Sec. 5. The traffic from Buffalo through Salamanca, Pittsburg, Wlceling, and Parkersburg to Huntington, W. Va., and points on that line to the east of Chattanooga, Calera, and Selma shall be carried by either the Western or Eastern lines only at such rates as may be agreed upon.
Sec. 6. It is understood that the Eastern and Western lines will cooperate in the enforcement of the third and fourth sections of this second article.
Attention was then also called to the fact that while through rates less than the sums of the locals were established over through routes by connecting lines between Eastern aud Southern points, nevertheless, as a rule, with some exceptions, through routes were not established between Western and Southern points, and that the through rates
between the latter were combinations of the rates to and beyond the Ohio River crossings. In view of this method of adding up local or separate rates to make the through rate from one territory and not from another to common points of destination, it is not difficult to see the effectiveness of the rules of the association of competing carriers, above quoted, in carrying out their agreement as to fixing and keeping up rates and dividing freight, such as was held by the court in the caso above mentioned to be in violation of the statute known as the AntiTrust Law.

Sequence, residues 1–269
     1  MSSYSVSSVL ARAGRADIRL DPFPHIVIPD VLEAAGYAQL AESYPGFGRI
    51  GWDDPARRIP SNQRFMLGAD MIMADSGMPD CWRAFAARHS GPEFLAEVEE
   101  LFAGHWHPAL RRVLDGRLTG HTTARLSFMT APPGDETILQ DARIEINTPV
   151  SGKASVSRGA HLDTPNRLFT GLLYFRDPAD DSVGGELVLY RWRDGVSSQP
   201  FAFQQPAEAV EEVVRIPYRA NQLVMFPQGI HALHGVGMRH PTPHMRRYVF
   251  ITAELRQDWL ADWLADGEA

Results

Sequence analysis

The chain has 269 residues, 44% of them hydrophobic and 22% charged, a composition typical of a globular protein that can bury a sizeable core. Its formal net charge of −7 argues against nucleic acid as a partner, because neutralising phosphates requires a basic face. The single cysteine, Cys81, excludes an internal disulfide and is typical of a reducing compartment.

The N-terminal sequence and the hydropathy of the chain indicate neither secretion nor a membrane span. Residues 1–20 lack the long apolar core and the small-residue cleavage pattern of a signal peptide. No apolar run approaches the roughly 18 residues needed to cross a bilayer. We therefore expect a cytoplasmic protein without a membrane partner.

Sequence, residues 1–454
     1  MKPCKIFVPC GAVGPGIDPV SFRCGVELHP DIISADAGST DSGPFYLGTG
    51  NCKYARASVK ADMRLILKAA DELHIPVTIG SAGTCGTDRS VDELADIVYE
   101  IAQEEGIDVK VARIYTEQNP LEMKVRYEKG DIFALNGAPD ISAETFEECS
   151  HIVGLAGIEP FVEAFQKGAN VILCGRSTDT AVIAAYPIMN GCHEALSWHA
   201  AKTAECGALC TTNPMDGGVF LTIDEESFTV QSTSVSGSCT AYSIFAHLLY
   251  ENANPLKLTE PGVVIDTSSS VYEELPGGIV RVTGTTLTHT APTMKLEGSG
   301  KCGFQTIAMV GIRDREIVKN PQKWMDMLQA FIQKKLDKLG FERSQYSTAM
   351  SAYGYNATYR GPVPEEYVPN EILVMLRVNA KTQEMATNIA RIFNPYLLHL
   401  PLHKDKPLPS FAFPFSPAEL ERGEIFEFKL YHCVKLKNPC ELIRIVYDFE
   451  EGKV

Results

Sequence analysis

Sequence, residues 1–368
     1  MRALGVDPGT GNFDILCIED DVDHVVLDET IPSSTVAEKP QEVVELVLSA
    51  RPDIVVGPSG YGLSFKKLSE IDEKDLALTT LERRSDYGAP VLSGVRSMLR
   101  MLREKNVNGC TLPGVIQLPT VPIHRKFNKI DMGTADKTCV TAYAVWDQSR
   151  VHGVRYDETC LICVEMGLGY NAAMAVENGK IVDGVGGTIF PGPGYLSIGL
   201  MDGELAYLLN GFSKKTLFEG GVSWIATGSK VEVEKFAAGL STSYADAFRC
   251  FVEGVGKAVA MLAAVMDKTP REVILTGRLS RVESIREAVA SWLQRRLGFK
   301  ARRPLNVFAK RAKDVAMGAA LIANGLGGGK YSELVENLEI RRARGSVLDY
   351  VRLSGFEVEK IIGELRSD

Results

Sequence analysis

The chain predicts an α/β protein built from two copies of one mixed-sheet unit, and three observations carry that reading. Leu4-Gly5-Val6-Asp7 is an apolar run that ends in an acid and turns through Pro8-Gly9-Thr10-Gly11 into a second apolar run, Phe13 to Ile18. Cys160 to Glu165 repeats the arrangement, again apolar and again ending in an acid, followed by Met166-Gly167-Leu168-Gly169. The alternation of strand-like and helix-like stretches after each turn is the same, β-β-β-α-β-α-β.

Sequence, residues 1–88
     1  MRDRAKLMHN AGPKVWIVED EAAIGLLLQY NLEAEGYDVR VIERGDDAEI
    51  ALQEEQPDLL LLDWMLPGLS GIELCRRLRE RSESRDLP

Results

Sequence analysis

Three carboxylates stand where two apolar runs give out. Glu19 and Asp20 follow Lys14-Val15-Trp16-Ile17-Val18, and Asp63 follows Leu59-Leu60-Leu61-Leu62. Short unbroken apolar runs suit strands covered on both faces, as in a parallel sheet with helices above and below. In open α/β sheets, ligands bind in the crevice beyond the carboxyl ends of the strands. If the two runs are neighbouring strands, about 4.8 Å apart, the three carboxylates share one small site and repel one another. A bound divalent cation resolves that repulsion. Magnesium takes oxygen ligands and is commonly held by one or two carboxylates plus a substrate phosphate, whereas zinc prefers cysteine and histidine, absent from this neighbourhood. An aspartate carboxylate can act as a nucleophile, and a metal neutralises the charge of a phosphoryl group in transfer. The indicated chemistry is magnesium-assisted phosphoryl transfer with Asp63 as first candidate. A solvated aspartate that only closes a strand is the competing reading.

The power to withhold from through routing, and the agreement of all the competing carriers of the association to exact full locals of connections not conforming to its agreed divisions of business, were of course adequate to control the movement of traffic included within the agreement, so long as the published rates were adhered to. While the provisions of the association agreement before quoted are not found in the agreement of the Southeastern Freight Association, which, after the decision of the Supreme Court above referred to, was organized and took the place of the first-named association, the general rate situation and conditions remain, and we have no reason to believe that the practices of the carriers in respect thereto have been materially altered.